Archibald Comes to Coffs
By Anna Dowd
The Archibald has long been considered the height of Australian art awards, and is one of the most popular drawcards on the country’s cultural calendar. In a major coup for the Coffs Coast, the 2019 Archibald Exhibition is now rolling into town in all its multifaceted glory. We talk with Gia Crowhurst from Coffs Central about the next summer blockbuster.
“We were meant to have [the exhibition] in July,” says Gia, thinking back to the Covid-cancelled events of 2020. “But now it’s combined with the anniversary birthday for the gallery, so that’s amazing timing. It’s a big deal, and should bring people from far and wide.
We’re exposing culture and art to those who might not normally be exposed to the gallery, so I’m excited to bring something that every Australian should know about, and if you don’t, you can literally go shopping in Kmart and then wander in to see the ones that we’ll be housing, and then grab a little map to go between the gallery and the Centre so that you can see both sides of the exhibit.”
The exhibition is the latest in a string of artistic endeavours that the gallery and Gowings have been showcasing, and will undoubtedly bring a whole new demographic to explore the portraits firsthand. The cultural climate across the Coffs region has been steadily growing for years now, and in her role as Regional Marketing and Events Manager, Gia is confident that the scene is only getting stronger.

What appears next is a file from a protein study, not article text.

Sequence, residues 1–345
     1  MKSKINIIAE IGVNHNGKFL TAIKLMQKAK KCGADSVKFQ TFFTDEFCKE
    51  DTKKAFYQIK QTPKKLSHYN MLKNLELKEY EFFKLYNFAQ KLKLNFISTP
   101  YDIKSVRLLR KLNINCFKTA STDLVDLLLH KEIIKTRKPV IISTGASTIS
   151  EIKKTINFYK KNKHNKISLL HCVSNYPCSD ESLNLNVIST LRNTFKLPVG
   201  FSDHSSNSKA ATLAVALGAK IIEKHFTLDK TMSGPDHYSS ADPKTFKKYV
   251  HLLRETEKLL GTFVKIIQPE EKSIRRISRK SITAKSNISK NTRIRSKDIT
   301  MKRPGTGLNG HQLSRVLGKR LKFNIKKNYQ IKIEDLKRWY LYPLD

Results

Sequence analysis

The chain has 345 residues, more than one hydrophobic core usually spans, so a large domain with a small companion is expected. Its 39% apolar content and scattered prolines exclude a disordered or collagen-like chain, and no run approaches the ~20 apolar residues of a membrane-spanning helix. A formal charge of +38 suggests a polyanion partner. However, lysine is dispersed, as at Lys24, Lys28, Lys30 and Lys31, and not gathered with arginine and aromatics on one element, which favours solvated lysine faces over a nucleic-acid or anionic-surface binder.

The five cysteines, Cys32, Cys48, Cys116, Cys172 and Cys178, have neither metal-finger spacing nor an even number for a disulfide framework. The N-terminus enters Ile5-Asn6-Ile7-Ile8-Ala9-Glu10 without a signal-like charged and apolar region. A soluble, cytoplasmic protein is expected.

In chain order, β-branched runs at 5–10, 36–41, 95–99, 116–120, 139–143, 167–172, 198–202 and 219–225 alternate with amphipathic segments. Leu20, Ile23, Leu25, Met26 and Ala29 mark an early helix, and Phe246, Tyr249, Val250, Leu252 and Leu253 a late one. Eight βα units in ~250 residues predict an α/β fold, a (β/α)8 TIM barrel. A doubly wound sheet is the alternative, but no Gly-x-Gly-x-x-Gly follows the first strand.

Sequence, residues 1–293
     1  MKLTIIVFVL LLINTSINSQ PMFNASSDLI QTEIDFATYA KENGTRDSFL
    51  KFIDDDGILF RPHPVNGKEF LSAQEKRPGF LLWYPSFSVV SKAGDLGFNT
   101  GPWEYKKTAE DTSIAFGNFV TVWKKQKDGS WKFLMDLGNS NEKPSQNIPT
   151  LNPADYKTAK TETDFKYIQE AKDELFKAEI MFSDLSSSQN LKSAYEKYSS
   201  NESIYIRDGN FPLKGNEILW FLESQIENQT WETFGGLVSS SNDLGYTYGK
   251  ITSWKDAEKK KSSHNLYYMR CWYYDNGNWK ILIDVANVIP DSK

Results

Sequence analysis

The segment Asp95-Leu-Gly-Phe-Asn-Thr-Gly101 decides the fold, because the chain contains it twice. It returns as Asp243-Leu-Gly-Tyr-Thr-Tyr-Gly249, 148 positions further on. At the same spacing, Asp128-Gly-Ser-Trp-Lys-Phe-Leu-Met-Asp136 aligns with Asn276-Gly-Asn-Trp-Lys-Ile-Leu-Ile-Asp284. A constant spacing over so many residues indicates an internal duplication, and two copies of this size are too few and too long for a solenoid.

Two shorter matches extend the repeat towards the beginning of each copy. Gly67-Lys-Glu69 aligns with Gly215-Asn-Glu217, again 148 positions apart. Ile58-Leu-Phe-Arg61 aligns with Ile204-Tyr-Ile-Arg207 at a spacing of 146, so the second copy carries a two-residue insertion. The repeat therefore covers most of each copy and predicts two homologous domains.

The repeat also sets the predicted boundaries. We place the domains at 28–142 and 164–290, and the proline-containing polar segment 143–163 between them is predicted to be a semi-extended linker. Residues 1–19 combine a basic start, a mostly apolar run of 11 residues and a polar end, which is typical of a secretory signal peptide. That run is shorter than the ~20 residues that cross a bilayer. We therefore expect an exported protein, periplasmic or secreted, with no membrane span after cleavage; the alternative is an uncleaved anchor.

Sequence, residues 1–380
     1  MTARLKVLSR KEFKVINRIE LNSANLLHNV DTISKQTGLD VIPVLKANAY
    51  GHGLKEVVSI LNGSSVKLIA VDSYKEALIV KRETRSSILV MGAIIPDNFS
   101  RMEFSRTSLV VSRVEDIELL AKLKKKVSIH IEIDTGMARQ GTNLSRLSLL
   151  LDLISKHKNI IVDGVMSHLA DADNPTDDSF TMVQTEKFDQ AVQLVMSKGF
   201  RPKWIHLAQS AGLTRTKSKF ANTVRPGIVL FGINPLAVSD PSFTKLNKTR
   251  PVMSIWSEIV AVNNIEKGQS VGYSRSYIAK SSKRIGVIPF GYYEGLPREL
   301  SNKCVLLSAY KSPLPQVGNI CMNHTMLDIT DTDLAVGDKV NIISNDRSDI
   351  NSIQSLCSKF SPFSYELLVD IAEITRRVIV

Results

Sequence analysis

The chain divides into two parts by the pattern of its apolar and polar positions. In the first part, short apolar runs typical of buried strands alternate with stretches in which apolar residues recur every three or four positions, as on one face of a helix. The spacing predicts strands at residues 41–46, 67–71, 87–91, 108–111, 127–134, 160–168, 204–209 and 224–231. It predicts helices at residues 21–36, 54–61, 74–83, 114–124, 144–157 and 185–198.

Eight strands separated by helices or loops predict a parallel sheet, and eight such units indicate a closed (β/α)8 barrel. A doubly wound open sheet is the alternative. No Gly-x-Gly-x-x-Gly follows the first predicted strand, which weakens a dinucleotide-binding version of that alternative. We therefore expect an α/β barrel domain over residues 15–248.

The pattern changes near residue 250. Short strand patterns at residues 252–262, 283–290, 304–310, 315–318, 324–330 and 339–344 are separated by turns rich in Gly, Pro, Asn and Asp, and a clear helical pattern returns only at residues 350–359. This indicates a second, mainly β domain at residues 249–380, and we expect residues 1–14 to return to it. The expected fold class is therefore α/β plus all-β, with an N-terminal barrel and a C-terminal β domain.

“You’ve got all walks of life [in Coffs], an increasing amount of families who are moving from Melbourne, from Sydney and Brisbane, who are used to really top-notch cultural events, and then you’ve got the locals who perhaps haven’t had all that access, but are interested in it. I really feel there is this groundswell. I feel like it was there bubbling away before, but now that I’m more familiar with what goes on and seeing the passion and excitement and opportunity coming this way, I think more people are excited about it.
There’s a tipping point. Things can be bubbling and bubbling away, and it’s suddenly on everyone’s radar.”
As for what makes the Archibald itself so perennially popular, Gia laughs and insists she’s not expert. But her thoughts, to this writer at least, go to the very heart of what engages us as audiences, and what compels us to create.
“I think it’s because the focus in on people, and as someone who has lived in Australia now for 14 years, my observation is that we love focusing and observing, getting to know people. The winner Tony Costa, he was talking about when he was painting Lindy [Lee], it was about a feeling. It wasn’t so much about the perfection of the painting and getting her exactly right in terms or biology or whatever, it was about more than that. I think that’s why we like looking at them, and seeing if we can see that. To look and see if we feel they’ve captured that person, and see if we can learn from that.”
Where | Coffs harbour regional gallery + Culture hub
When | 22 jan – 6 mar
Image: Archibald Prize Finalist, Faustina by Kim Leutwyler